Express & Star

150 homes planned for green belt land in Sandwell

A plan to build 150 new homes on green belt land in Sandwell has been put forward.

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The layout of the planned 150 homes on green belt land off Wilderness Lane in Great Barr. Photo: Turley

The move by Wain Estates would see the housing built alongside a new public park off Wilderness Lane in Great Barr.

The new houses would take up around 15 per cent of the 67-acre green belt site and the remaining space would be mostly left alone and turned into a countryside park.

As much as 40 per cent of the new homes would be classed as ‘affordable’ housing – higher than the 25 per cent that Sandwell Council usually asks for.

But while promising more ‘affordable’ housing, the green fields off Wilderness Lane are also classed as a site of importance for nature conservation (SINC) – or in other words a ‘locally valued’ wildlife site that should be “recognised, protected and enhanced”. It is one important part of making planning decisions.

Part of the land is also classed as an area of architectural importance.

The 150-home plan said the new housing would help address a “chronic shortage” across Sandwell – which can only currently show it has enough land for housing to meet demand for the next 18 months and far below the five years it should be able to show it has.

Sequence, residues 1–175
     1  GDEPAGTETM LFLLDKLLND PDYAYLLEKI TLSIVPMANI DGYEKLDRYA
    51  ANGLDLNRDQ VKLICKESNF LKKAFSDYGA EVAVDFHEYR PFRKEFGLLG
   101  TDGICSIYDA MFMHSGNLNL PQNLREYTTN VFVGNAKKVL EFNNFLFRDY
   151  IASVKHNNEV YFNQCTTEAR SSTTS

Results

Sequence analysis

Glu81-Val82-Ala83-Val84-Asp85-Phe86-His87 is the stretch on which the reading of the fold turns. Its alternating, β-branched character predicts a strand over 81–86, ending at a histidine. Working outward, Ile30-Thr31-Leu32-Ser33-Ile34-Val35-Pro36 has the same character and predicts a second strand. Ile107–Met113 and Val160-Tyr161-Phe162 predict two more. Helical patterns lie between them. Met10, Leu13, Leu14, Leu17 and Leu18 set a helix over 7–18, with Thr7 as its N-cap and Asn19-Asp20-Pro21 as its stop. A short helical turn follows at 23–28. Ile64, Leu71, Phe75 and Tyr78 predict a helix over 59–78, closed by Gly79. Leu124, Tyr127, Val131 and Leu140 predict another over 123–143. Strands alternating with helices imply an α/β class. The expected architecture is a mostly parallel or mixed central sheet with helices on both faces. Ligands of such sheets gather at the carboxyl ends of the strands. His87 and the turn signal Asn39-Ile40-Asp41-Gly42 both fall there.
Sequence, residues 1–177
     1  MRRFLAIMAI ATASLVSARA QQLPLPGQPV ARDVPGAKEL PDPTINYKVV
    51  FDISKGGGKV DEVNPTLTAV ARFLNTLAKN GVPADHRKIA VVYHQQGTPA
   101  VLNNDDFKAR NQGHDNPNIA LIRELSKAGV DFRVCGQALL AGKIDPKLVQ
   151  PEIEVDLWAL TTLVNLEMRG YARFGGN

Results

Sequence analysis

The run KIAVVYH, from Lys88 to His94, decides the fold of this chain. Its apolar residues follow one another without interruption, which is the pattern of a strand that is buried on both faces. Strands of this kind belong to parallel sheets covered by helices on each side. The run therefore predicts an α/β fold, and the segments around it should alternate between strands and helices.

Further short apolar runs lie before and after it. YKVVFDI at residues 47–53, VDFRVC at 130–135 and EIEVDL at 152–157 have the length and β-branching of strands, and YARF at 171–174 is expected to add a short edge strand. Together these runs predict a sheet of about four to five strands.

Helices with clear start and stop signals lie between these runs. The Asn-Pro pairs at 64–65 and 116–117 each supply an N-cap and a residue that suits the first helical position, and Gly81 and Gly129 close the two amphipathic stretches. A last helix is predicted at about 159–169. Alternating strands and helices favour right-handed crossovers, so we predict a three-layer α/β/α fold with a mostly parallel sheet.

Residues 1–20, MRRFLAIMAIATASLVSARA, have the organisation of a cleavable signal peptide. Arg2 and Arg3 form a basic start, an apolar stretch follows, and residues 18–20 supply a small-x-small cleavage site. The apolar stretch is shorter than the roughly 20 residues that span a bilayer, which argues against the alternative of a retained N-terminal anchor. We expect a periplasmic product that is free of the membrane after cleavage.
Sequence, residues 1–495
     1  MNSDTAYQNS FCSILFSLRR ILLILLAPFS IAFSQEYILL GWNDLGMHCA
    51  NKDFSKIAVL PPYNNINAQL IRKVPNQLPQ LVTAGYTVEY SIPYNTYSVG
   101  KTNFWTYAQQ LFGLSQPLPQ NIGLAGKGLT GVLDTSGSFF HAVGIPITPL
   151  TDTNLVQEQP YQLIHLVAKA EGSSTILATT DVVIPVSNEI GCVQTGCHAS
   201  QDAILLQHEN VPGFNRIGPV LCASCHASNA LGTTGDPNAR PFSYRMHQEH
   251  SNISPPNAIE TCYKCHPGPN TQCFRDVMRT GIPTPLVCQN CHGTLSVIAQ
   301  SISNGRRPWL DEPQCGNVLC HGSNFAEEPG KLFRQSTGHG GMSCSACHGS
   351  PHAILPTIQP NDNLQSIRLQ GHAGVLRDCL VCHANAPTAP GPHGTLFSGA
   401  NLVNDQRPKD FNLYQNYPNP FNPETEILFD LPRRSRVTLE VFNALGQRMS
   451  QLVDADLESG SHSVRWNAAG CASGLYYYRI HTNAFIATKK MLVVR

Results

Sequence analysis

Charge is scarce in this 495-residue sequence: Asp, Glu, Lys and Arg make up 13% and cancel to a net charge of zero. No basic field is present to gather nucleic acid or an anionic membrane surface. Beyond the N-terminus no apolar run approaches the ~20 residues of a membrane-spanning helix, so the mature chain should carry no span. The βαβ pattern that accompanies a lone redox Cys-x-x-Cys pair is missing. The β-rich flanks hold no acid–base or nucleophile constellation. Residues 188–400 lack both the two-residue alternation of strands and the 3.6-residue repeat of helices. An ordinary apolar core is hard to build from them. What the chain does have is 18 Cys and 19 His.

The application by planning consultants Turley on behalf of landowner Wain Estates said that while the land was part of the green belt and open countryside, much of the housebuilding would take place near the already built-up areas around Wilderness Lane, Peak House Road and A34 Birmingham Road.

The land was put forward as a potential site for up to 355 new homes when the Black Country Plan was being put together – but was not accepted after it was deemed ‘unsuitable’ to give up green belt land.

The Black Country Plan, which would set out where up to 76,000 homes would have been built across Sandwell, Dudley and Walsall by 2039, has since been ripped up and Sandwell Council is working on its own plan – which is likely to carry over some of the aborted work.